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Last Updated: Wednesday, 23 March, 2005, 01:03 GMT
EU is 'concerned' about Wolfowitz
Paul Wolfowitz (l) and George W Bush
Wolfowitz is a close ally of President Bush
EU finance ministers said they have "concerns" about the potential appointment of Paul Wolfowitz as president of the World Bank.

Calling him a serious candidate, they said that they wanted the opportunity to talk to him regarding his policies before he is confirmed in the post.

Earlier, they approved changes to the rules that underpin the euro.

The new rules will give governments greater freedom to boost spending in time of economic downturn.

World Bank concerns

The EU said that it wants to meet Mr Wolfowitz, who is a well-known White House hawk and was nominated by US President George W Bush.

He served as deputy defence secretary during Mr Bush's first term.

Luxembourg Economics Minister Jeannot Krecke said that there is "some concern about the way Mr Wolfowitz intends to handle the policy of the World Bank."

German Finance Minister Hans Eichel said that Mr Wolfowitz is a "high level candidate, but there needs to be more discussions before" his election to the post of the development agency.

The finance ministers want him to come to Brussels before his appointment is confirmed at the end of the month, to answer questions about his position on several development issues, such as debt relief.


One of the first things on the agenda when the meeting opened on Tuesday was the simmering row that has engulfed, and threatened to break up, the Stability and Growth Pact.

European Commission President Jose Manuel Barroso
EU chief Jose Manuel Barroso wants economic growth to be a priority
France and Germany had complained that the Pact was too restrictive and hampered recovery.

Smaller nations countered that if they could live by the tough rules, then their bigger partners could as well.

At the heart of the problem were the Pact's rules limiting the size of a member state's budget deficit to 3% of gross domestic product (GDP).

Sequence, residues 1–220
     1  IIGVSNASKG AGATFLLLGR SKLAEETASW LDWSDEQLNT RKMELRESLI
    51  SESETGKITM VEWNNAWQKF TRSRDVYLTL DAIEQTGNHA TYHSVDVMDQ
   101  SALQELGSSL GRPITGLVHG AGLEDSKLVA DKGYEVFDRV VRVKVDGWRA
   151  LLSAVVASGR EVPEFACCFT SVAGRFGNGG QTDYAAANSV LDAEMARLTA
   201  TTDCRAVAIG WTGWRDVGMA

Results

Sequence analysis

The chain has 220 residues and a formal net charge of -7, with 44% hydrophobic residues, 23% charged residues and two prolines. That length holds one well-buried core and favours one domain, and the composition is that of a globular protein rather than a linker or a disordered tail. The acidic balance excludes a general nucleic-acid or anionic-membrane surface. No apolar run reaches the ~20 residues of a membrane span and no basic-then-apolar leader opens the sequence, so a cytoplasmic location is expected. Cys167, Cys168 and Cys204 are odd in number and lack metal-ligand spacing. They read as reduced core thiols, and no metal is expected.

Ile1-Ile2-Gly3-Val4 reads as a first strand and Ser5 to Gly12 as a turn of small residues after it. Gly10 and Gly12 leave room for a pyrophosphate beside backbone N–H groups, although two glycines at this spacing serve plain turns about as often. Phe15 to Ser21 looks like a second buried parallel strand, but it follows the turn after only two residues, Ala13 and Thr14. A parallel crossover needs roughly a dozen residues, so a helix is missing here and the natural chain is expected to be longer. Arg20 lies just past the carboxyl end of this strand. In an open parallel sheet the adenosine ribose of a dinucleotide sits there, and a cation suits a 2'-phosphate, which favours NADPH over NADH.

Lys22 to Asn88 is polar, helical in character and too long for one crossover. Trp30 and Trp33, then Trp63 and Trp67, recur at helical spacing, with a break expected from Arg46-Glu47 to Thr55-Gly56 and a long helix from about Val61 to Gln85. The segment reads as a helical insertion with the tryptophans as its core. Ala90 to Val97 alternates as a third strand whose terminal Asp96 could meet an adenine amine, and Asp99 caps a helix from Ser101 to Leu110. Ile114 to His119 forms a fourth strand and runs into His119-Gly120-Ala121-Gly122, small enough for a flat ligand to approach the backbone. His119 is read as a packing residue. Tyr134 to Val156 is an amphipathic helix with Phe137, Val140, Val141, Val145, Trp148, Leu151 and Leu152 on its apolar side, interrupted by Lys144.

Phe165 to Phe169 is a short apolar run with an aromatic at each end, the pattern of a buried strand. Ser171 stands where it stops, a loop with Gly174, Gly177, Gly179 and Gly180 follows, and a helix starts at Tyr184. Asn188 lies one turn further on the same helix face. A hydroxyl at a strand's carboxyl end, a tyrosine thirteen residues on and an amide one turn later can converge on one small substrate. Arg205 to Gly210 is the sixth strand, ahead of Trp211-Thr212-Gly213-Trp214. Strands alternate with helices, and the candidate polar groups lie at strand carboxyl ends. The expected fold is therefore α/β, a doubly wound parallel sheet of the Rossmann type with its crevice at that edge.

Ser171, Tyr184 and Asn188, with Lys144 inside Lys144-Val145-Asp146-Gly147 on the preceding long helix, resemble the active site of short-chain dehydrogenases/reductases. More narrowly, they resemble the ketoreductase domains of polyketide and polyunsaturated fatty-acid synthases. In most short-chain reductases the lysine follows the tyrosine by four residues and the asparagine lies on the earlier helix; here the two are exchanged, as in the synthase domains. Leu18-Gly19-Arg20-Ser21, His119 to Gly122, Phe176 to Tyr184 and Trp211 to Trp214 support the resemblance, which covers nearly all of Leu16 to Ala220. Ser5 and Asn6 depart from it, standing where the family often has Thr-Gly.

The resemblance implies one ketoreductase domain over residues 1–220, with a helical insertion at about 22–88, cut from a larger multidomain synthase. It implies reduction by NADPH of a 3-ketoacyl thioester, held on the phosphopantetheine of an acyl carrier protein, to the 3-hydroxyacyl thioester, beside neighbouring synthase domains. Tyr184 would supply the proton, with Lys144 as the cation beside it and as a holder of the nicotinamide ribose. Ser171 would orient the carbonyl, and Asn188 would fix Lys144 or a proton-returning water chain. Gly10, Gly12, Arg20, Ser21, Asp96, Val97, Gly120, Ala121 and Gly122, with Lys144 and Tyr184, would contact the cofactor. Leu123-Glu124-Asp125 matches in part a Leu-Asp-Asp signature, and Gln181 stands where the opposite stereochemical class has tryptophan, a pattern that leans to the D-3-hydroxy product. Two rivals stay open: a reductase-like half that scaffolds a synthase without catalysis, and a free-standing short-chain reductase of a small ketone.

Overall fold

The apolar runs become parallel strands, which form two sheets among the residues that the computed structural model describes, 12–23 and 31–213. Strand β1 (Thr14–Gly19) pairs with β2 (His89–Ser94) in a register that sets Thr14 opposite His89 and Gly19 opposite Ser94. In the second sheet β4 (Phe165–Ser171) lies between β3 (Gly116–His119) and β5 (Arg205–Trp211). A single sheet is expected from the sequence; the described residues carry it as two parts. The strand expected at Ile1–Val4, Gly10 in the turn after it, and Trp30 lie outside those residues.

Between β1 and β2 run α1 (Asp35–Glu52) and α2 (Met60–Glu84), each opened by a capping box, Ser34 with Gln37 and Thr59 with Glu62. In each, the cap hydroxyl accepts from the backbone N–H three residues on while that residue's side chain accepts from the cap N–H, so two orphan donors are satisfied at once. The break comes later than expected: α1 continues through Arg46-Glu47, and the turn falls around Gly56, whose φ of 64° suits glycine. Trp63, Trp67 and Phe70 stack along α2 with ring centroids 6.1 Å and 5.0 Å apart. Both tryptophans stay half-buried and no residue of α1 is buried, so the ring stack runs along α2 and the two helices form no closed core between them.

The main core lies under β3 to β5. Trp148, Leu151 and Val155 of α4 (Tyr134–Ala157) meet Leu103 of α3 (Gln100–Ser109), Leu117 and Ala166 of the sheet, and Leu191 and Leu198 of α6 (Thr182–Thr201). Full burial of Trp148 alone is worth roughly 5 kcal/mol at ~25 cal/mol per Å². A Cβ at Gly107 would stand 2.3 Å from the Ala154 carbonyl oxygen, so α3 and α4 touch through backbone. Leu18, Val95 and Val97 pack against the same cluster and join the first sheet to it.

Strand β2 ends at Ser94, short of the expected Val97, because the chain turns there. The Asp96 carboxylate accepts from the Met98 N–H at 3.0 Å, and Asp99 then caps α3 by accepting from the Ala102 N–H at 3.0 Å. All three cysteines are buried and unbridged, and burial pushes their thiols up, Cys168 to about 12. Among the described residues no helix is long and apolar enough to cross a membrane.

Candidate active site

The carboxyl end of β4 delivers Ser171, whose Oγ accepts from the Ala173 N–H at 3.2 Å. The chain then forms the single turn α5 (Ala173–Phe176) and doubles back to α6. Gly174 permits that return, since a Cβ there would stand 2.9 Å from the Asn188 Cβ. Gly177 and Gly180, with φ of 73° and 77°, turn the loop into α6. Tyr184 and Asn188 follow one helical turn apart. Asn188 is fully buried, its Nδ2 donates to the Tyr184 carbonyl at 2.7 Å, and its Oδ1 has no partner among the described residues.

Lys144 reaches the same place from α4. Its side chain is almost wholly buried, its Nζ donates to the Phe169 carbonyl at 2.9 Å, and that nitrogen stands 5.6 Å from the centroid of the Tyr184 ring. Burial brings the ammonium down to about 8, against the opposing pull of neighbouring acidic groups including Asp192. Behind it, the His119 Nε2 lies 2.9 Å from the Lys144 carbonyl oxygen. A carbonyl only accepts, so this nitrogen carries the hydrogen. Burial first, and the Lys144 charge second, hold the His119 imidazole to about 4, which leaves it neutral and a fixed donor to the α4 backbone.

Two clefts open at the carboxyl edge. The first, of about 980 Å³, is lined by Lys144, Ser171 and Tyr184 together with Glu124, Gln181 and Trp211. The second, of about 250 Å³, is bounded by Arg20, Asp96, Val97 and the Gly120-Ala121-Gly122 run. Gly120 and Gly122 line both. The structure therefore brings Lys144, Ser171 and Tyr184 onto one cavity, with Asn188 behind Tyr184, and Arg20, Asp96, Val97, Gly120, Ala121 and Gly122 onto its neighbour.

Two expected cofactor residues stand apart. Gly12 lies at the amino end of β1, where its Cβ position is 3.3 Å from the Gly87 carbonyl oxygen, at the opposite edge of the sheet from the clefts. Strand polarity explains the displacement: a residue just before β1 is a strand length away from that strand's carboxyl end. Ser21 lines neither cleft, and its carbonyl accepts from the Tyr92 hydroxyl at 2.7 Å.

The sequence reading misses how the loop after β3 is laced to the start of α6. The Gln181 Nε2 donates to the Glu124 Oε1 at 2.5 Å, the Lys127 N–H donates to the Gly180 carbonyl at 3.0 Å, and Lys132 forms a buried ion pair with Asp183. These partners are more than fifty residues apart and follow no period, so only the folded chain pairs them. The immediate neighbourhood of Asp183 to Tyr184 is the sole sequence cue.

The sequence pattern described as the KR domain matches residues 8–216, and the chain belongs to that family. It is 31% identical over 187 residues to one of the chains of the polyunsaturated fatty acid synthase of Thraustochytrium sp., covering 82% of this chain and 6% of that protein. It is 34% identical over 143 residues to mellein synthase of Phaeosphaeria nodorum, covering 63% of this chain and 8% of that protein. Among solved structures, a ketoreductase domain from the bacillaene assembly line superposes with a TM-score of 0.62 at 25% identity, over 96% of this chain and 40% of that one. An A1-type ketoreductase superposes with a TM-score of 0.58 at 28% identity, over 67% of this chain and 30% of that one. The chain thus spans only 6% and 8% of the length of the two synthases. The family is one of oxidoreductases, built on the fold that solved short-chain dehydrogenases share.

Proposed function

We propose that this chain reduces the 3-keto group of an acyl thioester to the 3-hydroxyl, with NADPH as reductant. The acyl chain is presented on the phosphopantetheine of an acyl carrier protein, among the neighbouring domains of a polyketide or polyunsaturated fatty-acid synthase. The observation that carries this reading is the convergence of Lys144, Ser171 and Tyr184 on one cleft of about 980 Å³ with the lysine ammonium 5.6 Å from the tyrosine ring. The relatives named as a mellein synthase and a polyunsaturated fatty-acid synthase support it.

France and Germany have had shortfalls in excess of the EU limits in every one of the past three years and had stepped up pressure for a relaxation of the legislation.

Following Tuesday's changes, governments will be able to run a budget at more than 3% of GDP, but only in special circumstances and for a limited period.


French President Jacques Chirac said that the agreement was "remarkable work... to make a more realistic, a more relevant and more flexible Pact".

"A more intelligent pact is a pact that will be better accepted and better respected".

Few countries matched fine words with actions. But could that be about to change?

The European Central Bank has, however, expressed concern that the changes - agreed at the weekend and passed unchanged on Tuesday - could undermine confidence in European public finances.

The two-day summit of 25 EU leaders in Brussels comes against a backdrop of sluggish growth across Europe.

Earlier this month, the European Central Bank (ECB) cut its growth forecast for the eurozone to 1.6%, reflecting the stumbling economic performance of France and Germany in particular.

The EU has had to row back from ambitious targets set out in Lisbon in 2000, when it set a goal of 3% annual growth in an effort to bridge the economic gap with the United States.

Why some of the proposed reforms are controversial

World Bank: Wolf at the door?
18 Mar 05 |  Business
When quality replaces statistics
23 Mar 05 |  Business
Wolfowitz to spread neo-con gospel
17 Mar 05 |  Business
Q&A: EU's Lisbon Agenda
22 Mar 05 |  Business
EU seeks solutions to slow growth
22 Mar 05 |  Business
ECB 'concerned' about euro deal
21 Mar 05 |  Business
EU ministers finalise euro deal
21 Mar 05 |  Business


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